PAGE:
Friday, September 11, 2009

Epic Fail Natwest Bank

What started out so promising turns sour because banks have forgotten why they exist, to help us store our money with them and in return they pay a nominal interest rate while they leverage our money for their investments.

Some of the banks have forgotten the basic ideas of customer service.

Evidently being a virtual/online customer allows them to treat you like you don't exist.

I saw this with Citibank over the years went from an excellent bank to being nearly useless. American Express as well went from being exceptionally helpful to being a nickel and dime operation.

But Natwest has gone too far, or perhaps not far enough.

I understand in the modern world security is important but if the processes do not make sense, neither does your security methods.

Having banked with them for 11 years now and perpetually frustrated by their myopic view of their customers who live outside the UK, this has broken the camel's back.

Called them to the UK to arrange for a transfer for some bills from our summer trip. Provide all the usual numbers, codes, pins and I thought passwords.

Turns out their system claimed my password submitted was invalid and after 3 tries locked me out.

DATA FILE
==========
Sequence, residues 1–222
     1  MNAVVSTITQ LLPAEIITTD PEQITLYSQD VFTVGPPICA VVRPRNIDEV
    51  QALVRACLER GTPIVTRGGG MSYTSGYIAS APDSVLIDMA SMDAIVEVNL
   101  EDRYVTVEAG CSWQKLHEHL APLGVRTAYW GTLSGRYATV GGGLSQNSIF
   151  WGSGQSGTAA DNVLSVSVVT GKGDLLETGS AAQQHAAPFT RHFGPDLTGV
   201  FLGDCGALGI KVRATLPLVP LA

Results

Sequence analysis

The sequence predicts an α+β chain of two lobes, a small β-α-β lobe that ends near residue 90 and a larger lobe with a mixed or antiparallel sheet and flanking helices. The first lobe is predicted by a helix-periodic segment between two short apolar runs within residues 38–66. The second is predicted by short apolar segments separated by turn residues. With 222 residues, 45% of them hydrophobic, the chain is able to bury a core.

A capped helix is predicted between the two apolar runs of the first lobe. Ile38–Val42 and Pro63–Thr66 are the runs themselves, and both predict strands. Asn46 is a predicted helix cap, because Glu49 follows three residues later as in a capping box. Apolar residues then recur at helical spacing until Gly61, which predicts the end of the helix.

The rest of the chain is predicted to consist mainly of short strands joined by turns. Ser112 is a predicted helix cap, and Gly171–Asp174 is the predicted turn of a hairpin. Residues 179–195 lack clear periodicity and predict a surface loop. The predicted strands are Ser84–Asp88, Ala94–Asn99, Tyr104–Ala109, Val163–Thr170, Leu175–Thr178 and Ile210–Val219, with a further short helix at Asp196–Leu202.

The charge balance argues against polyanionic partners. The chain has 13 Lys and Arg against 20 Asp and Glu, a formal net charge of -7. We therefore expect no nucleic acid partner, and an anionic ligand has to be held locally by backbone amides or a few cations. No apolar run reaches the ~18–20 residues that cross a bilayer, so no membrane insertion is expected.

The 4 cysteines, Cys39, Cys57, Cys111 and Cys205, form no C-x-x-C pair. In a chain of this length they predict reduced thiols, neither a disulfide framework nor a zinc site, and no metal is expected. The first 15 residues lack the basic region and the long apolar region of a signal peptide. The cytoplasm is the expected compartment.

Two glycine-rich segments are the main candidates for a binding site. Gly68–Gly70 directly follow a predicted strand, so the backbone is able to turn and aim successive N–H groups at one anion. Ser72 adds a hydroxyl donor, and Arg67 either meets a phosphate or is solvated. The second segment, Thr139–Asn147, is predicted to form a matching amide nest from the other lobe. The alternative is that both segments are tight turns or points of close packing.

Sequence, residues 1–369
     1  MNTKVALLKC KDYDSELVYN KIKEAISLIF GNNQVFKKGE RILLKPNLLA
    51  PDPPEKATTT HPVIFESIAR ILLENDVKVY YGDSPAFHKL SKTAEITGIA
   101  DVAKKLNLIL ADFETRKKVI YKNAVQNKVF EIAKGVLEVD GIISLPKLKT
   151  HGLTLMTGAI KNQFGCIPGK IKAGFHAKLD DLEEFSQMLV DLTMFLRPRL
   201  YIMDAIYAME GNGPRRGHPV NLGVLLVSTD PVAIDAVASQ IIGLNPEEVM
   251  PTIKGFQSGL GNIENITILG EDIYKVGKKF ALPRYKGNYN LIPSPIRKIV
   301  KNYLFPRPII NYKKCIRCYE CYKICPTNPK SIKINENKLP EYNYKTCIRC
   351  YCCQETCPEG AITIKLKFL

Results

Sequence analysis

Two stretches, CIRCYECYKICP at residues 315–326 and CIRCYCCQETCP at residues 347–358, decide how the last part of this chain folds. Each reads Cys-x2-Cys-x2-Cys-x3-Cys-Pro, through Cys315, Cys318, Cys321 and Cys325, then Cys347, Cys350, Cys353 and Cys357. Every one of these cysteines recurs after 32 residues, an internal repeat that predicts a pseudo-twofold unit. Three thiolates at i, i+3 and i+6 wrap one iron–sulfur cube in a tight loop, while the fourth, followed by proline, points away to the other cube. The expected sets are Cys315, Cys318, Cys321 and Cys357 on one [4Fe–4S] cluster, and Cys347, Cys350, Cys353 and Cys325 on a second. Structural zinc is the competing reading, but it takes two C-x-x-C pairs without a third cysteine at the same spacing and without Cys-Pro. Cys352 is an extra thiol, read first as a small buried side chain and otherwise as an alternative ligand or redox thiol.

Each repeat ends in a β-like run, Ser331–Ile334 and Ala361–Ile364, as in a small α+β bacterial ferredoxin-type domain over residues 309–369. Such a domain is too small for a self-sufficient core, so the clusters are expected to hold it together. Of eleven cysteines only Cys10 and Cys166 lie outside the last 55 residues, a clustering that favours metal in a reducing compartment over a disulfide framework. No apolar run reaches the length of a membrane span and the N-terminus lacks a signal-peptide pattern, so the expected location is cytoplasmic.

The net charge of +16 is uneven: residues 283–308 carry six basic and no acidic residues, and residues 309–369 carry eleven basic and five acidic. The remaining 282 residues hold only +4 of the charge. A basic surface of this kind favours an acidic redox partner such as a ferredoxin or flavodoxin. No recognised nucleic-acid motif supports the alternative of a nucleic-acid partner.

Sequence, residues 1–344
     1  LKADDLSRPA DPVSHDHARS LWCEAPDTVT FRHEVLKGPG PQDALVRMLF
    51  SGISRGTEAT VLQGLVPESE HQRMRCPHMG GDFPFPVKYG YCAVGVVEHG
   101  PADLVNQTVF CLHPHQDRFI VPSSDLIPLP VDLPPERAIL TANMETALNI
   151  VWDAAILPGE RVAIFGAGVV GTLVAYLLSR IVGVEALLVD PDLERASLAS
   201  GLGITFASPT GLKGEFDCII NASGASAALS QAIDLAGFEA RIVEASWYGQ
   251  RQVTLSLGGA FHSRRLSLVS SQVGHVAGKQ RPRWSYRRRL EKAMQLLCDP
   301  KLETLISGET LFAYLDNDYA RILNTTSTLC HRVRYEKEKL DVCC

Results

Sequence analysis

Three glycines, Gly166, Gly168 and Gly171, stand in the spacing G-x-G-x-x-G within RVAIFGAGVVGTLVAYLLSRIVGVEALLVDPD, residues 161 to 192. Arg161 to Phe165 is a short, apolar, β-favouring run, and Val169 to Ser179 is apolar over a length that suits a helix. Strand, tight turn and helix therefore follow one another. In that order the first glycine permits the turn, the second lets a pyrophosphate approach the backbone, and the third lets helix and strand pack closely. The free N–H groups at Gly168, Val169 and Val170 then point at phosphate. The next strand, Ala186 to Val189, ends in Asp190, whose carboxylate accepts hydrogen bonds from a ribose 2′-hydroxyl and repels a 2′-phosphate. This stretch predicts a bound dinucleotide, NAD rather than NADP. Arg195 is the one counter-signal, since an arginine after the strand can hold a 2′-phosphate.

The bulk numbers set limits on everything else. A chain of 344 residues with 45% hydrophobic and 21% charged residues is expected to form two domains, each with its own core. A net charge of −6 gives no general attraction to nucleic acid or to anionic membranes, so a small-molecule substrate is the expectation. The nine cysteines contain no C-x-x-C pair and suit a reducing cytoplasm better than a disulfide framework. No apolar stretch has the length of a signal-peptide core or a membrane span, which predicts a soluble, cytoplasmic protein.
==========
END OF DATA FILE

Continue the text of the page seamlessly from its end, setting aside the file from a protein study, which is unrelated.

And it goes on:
No problem or so I thought, just reset it for me.

No dice.

Natwest has absolutely no way to reset one's password without mailing by postal mail, from the UK, a password change code. One then signs it and returns it, again via postal mail before the password can be changed. Knowing the UK/US postal route, the round trip is at least 2 weeks if all is efficient without Fedexing it.

There is no other way to resolve this I was told. They asked for my debit card # which I never carry obviously here in the US. Will try again from home with it to see if it makes a difference. But seeing how this is working, I wouldn't bet on it.

And once your password is bad, you are locked out of online banking until the new one can be issued, again via postal mail after the previous 2 weeks, so we are looking at 3 weeks before I can get access to MY MONEY.

Having worked with many banks through the years, I know the processes in place and also recognize when a major fault in process exists. And this is huge.

Asked the 12th person I spoke with in 45 minutes what would they do for someone who had 100,000's or millions of pounds with Natwest? And was told, in a very British way, they would have to wait.

You could bet all your money no one in their right mind would leave their money hostage with a stupid bank like Natwest. If I was in the UK I would write a check for the whole amount and move it to anyone.

But as I am in the US, it makes it more complicated although I certainly intend to move all my money out of there now.

So evidently no matter how much I know about myself, or can provide information, if I was traveling in Singapore and really had none of this information but needed my money I would be stuck there indefinitely.

You see Natwest, for security reasons, ONLY sends the mail to the address on record. So you are SOL if you are traveling and need money that badly. So beware you Natwest account holders, make sure you know all your details and they are valid.